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Mick queries interchange cap and laws committee

Ashley Browne  March 2, 2013 11:50 PM

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Blues coach Mick Malthouse isn't a fan of the interchange cap trial

I sincerely hope that the rules committee is governed by people who have an understanding of the modern game
THE AFL's Laws of the Game Committee needs to ensure it understands the demands of modern football.

That's the view expressed by Carlton coach Mick Malthouse after his first evening in charge with an interchange restriction.

"I sincerely hope that the rules committee is governed by people who have an understanding of the modern game," he said after Carlton's 70-point win over Fremantle at Etihad Stadium on Saturday night.

"Not by previous long-ago coaches, or long-ago players.

"I hope it is not dominated by one or two people who push their way in and around and as a consequence, feel good to be in control so therefore make it (the rotation cap) 80 because they hate it (more rotations)."

Malthouse would not name names, but those who have been on the rules committee for more than five years include former Richmond champion and coach Kevin Bartlett, umpires coach Rowan Sawers and former Carlton defender Michael Sexton.  

"It [the interchange cap] is not friendly to the players," he said. "If they want medical evidence, which they've chosen to ignore, there's a very strong link to more interchanges and less injuries.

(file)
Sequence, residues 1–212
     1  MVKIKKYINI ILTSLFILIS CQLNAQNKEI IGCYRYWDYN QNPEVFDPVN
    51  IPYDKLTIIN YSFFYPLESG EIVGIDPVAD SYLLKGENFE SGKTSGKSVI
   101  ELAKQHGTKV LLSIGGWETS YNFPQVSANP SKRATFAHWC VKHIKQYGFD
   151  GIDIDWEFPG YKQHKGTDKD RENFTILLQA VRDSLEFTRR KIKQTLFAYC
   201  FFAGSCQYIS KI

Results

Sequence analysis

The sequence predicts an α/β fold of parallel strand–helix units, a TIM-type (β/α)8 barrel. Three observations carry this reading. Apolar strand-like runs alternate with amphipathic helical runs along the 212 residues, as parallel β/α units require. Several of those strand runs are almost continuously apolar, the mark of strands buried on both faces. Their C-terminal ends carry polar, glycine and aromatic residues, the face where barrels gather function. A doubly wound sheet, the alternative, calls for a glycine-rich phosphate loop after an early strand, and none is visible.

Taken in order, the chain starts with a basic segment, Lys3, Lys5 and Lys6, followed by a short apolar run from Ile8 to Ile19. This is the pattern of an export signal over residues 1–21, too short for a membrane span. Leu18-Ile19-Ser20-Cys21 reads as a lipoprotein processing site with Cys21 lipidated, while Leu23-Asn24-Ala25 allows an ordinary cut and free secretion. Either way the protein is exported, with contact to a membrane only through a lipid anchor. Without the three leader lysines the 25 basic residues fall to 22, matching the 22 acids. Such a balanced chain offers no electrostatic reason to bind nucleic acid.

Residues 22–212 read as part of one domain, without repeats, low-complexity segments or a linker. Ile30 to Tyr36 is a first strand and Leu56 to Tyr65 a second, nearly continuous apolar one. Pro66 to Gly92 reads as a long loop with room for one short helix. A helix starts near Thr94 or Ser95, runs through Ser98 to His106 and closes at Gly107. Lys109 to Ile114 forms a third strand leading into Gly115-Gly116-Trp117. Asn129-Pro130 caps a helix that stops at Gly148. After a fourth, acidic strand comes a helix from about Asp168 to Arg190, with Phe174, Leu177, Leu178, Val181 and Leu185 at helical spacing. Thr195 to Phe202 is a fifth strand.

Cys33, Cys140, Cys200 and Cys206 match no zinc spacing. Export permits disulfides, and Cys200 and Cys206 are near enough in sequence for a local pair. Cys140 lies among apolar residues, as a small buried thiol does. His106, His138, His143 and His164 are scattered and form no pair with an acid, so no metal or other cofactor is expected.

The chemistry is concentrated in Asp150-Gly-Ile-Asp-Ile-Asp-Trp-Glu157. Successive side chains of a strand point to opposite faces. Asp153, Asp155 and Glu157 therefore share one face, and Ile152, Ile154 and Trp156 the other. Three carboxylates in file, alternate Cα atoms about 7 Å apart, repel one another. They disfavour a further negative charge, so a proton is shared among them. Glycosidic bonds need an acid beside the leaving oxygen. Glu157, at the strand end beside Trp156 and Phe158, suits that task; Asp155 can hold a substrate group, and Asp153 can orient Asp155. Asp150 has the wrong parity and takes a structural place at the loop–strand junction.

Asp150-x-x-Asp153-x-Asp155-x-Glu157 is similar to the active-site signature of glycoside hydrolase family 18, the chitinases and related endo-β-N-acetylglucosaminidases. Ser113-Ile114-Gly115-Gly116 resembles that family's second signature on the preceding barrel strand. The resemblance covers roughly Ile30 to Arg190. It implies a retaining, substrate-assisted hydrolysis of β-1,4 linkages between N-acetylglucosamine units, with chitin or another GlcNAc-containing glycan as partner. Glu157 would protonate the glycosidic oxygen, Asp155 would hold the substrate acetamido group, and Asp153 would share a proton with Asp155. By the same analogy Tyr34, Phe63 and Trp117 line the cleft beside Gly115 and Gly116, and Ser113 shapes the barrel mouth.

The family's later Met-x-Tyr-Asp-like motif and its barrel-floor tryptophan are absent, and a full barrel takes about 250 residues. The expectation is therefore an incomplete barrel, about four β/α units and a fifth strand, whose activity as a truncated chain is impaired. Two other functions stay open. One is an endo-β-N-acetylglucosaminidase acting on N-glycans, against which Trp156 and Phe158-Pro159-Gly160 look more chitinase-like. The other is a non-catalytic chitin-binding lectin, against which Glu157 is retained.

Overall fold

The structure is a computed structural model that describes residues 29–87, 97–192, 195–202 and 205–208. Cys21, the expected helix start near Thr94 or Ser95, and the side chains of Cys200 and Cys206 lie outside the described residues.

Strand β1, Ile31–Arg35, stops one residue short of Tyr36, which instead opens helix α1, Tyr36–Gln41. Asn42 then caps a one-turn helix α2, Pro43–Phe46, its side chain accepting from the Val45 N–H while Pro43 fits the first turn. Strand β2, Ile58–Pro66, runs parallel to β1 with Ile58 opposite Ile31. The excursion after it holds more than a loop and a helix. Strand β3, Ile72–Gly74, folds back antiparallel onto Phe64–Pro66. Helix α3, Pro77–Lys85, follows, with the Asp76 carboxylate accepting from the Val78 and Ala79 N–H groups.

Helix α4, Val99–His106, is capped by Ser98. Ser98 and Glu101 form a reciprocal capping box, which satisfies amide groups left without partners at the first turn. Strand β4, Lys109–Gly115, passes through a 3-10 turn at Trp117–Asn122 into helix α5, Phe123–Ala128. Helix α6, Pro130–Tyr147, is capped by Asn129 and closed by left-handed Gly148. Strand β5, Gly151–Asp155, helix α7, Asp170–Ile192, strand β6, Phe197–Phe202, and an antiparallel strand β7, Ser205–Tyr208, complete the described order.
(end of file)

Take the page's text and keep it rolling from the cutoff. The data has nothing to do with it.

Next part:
"It's not the other way around because if you fatigue players, you get fatigue-type injuries."

Supporters of the interchange restrictions believe the constant rotations off the bench detract from the look of the game, a claim rejected by Malthouse.

"Aesthetically, what do you see? If people come and watch the game, they might see a multiple change during a 30 second break after a goal," he said.

"People at home don’t see it, while people at the ground couldn't care. Coaches get driven mad by having a reduced number.

"I don't get it."

On Friday night, Hawthorn coach Alastair Clarkson also took a swipe at the interchange cap trial after his team lost to the Western Bulldogs.

"It's a pretty dramatic change to go to 80," he said.

"No-one really knows what's going to happen to the game.

"Hopefully common sense will prevail and if they want to introduce a cap, then they cap it at something sensible like 120.

"Then we can see what a minor cap on interchange does to the game, rather than take it to 80.

"There's not a person in the land who knows what's going to happen to the game when that happens, and I reckon it's an enormous risk to take with what's a pretty good game we've got at the moment, just on a hunch."